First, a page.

In response to an open letter calling for urgent measures to relieve Greece’s debt, sent to European Commissioner for Economic and Monetary Affairs Pierre Moscovici by 36 European Parliament deputies, Greek MEP Dimitris Papadimoulis on Thursday commented that the Eurogroup’s decisions for debt relief must be implemented without delay.
“The open letter to Mr. Moscovici, an initiative of the Progressive Caucus, has met with widespread resonance, not just within the European Parliament but over a broad political and social spectrum. Other, similar initiatives will follow,” he said.
Papadimoulis, who was among the MEPs signing the letter, noted that “relief of Greek debt and implementation of the Eurogroup’s decisions without delay…is the key not only for turning the Greek economy toward sustainable growth rates but also to a comprehensive handling of public debt as one of the major European issues.”
The letter backed by socialist, green and leftist MPs called on the European Commission to secure debt relief terms for struggling Greece by the end of the year.
“Greece urgently needs to leave behind the vicious circle of recession and deflation, and move forward with policies that enable both public and private investments and creation of high quality jobs,” the MEPs wrote, adding that “Any further delays regarding the beginning of a concrete and conclusive dialogue on debt relief could have devastating results on the Greek economy.”
“Debt relief is an important step of the effort to put an end to Greek crisis. Debt relief discussions, as part of the agreement, have to be opened as soon as possible, concluding by the end of the year with a clear road map for debt relief for Greece,” the MEPs said.
The letter to Moscovici in full is given below:
“Following the discussion on the «Commission Statement – Macroeconomic situation in Greece, structural reforms and their impact, as well as prospects for future negotiations within the Programme», that took place on Tuesday 4th of October in the Plenary of the European Parliament, as Members of the European Parliament, we would like to underline the importance of debt relief and the need for concrete measures which are going to strengthen Greece’s economic, social and environmental development.
Greece urgently needs to leave behind the vicious circle of recession and deflation, and move forward with policies that enable both public and private investments and creation of high quality jobs.
The responsibility for this lays upon both the Greek government and the Institutions. Whereas there is a consensus today among leading economists regarding the need for debt sustainability, yet among the Institutions there are diverse views how this sustainability can be achieved. As you are aware, the IMF has a presented different analysis from that of the EU institutions on this matter. The resulting uncertainty hampers Greece recovery.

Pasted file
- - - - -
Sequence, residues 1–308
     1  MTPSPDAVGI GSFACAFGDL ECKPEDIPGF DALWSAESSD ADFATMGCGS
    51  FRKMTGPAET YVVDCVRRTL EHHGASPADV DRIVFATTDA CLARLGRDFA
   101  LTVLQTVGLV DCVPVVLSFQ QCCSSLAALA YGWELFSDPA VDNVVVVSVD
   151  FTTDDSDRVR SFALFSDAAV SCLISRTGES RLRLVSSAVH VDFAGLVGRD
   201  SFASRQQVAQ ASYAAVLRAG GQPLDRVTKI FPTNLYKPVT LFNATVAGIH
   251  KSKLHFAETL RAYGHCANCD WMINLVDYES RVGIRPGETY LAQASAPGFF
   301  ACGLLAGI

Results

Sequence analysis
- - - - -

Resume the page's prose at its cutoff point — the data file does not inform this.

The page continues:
Any further delays regarding the beginning of a concrete and conclusive dialogue on debt relief could have devastating results on the Greek economy and counteract even the modest decrease of unemployment and poverty levels and delay any improvement of the social and economic situation for the coming period.
On 23rd September, the IMF has declared further debt relief based “realistic assumptions about Greece’s ability to generate sustained surpluses and long-term growth” will be needed in order to restore sustainability.
Debt relief is an important step of the effort to put an end to Greek crisis. Debt relief discussions, as part of the agreement, have to be opened as soon as possible, concluding by the end of the year with a clear road map for debt relief for Greece. It is a precondition not only for the necessary economic and social boost, but also to limit the financial needs of the Greek Economy and therefore create fiscal space suitable for public and private investments.
We, the undersigned MEPs, strongly believe that Greece needs a stable macroeconomic environment. Therefore, Greece needs to leave behind the austerity measures once and for all, creating the conditions of exiting the programme, which should be the last one. Greece needs to focus on making the most out of the Structural Funds that have to be significantly increased especially for countries in crisis, and to surge the degree of security for the people, especially the most vulnerable ones.
In the context of the future negotiations between the EU Institutions and the Greek Government, we urge you to take these views into account, for the benefit of all societies and institutions.”